8

How can I get contract mapping storage?

Considering this simple contract

contract Currency{
 mapping(address=>uint) public balances;

   function deposit(){
      balances[tx.origin]++;
   }
}

After deploying and calling deposit, I'd like to get contract storage

eth.getStorageAt("0x681afcc842a1a01f34ffb2c091e576aa78175d55",0)

but always getting same result : 0x0000000000000000000000000000000000000000000000000000000000000000

even if currency.balances.call(...) returns correct balance

Is there a way to retrieve entire balances map?

6

balances is public, you get the balance from there.

About storage: The address is not the key (although there is a story about this particular issue: https://www.pivotaltracker.com/story/show/85010830). Docs for getting the storage address of a variable is here: http://solidity.readthedocs.org/en/latest/miscellaneous.html#layout-of-state-variables-in-storage

About iterating over the map: You cannot do that without adding code, like is done here: https://github.com/ethereum/dapp-bin/blob/master/library/iterable_mapping.sol

The other alternative is if there is no other storage you could technically get all values by walking the state trie, but it hashes all keys by default now (i believe), so keys would be hard.

With inline assembly you'll be able to write to whichever storage address you like, which means it will be much easier to read directly from storage.

5

Retrieving via contract

Not sure this is the answer you are looking for, but you can write a method which returns an array. Calling (and not transacting with) the contract is right now free and in the future you could still retrieve storage entries and run your own VM.

One dimensional arrays are working fine, 2D ones are coming later I think. You can decide how to format it -- an easy way could be: [ address1, balance1, address2, balance2, ... ]

Important to note there is no notion that a given mapping is empty. You need to decide based on your conditions how to iterate the mapping. See the Solidity docs for more information.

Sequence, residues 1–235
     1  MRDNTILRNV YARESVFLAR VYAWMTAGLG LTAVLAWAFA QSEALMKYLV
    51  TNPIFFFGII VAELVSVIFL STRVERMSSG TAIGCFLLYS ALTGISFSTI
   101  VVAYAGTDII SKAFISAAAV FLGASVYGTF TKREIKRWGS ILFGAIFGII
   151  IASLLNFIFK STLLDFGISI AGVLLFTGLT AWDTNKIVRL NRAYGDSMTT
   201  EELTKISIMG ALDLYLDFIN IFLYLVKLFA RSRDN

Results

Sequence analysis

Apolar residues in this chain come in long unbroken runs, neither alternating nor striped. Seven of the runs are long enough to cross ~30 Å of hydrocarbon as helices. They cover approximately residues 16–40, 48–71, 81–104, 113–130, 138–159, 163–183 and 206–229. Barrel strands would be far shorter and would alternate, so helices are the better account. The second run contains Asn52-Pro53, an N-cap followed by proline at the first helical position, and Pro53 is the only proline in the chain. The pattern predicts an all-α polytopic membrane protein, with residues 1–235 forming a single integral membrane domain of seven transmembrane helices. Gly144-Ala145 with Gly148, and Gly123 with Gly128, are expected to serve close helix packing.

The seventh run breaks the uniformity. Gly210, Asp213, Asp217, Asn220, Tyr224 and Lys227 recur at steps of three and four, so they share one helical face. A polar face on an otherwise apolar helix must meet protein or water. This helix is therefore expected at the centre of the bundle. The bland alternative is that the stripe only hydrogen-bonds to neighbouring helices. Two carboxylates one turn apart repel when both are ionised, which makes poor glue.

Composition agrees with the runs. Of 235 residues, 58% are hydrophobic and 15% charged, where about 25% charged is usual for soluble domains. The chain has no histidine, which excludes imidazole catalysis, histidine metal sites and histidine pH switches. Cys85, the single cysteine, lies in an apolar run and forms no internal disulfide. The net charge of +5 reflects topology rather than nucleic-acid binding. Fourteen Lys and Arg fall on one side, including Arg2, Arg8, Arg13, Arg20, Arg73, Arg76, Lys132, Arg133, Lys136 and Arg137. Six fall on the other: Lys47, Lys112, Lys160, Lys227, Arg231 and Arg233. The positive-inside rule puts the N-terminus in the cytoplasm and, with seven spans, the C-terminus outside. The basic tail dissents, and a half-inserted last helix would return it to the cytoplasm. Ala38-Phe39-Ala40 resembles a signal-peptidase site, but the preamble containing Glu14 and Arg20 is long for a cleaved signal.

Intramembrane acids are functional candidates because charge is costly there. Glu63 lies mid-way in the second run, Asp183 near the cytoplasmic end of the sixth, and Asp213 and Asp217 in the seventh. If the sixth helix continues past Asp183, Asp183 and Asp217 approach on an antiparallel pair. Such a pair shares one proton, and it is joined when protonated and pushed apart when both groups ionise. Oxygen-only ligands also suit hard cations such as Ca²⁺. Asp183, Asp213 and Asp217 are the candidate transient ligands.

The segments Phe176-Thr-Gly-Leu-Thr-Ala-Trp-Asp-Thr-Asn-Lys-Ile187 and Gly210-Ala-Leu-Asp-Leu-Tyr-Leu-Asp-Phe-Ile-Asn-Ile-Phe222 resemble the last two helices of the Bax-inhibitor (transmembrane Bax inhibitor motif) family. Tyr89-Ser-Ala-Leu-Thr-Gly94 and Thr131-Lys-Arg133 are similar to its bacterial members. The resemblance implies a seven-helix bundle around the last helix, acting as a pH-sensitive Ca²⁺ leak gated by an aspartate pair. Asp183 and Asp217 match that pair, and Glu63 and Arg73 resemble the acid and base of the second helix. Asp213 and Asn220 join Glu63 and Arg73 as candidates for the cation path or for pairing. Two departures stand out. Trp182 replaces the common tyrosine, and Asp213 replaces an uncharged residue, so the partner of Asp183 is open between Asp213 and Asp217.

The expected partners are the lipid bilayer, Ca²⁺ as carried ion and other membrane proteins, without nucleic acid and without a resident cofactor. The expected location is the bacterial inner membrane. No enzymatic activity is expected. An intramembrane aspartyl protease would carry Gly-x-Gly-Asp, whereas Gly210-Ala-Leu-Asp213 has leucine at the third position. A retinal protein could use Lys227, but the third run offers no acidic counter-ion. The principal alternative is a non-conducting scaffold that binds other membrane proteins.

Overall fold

Parsing storage directly

You can retrieve storage entries via RPC using the getStorageAt call. There is no need to manually interact with the trie.

In order to parse the storage (entries) directly you would need to know how the language used organizes storage and it would depend on the source code and possibly the compiler version as well.

1

This medium article explains very well how to access a mapping, see section index 5 — uints1:

Mappings have a different indexation and should be read in other way. To read mapping value you should know the key value. Otherwise, read mapping value is impossible.

index = '0000000000000000000000000000000000000000000000000000000000000005'
key =  '00000000000000000000000xbccc714d56bc0da0fd33d96d2a87b680dd6d0df6'
let newKey =  web3.sha3(key + index, {"encoding":"hex"})
console.log(web3.eth.getStorageAt(contractAddress, newKey))
console.log('DEC: ' + web3.toDecimal(web3.eth.getStorageAt(contractAddress, newKey)))
result:
0x0000000000000000000000000000000000000000000000000000000000000058
DEC: 88

Source: https://medium.com/aigang-network/how-to-read-ethereum-contract-storage-44252c8af925

0

Assuming your code is compiled with standard Solidity (no post-optimization or obfuscation), the values in balances will be stored at storage address KECCAK256(CONCAT(N, key_in_balances)). (Here, N=0 because balances is the first contract attribute.)

Therefore, getStorageAt() will not help you unless you know the address of the wallet you wish to query. Which also means you will not be able to enumerate balances using that method.

As Andreas said in his answer, the only way to potentially do that is to parse the state trie of the contract manually. The best starting point is probably to fork an existing client. The simpler Python implementation is probably best suited for this kind of experimentation.

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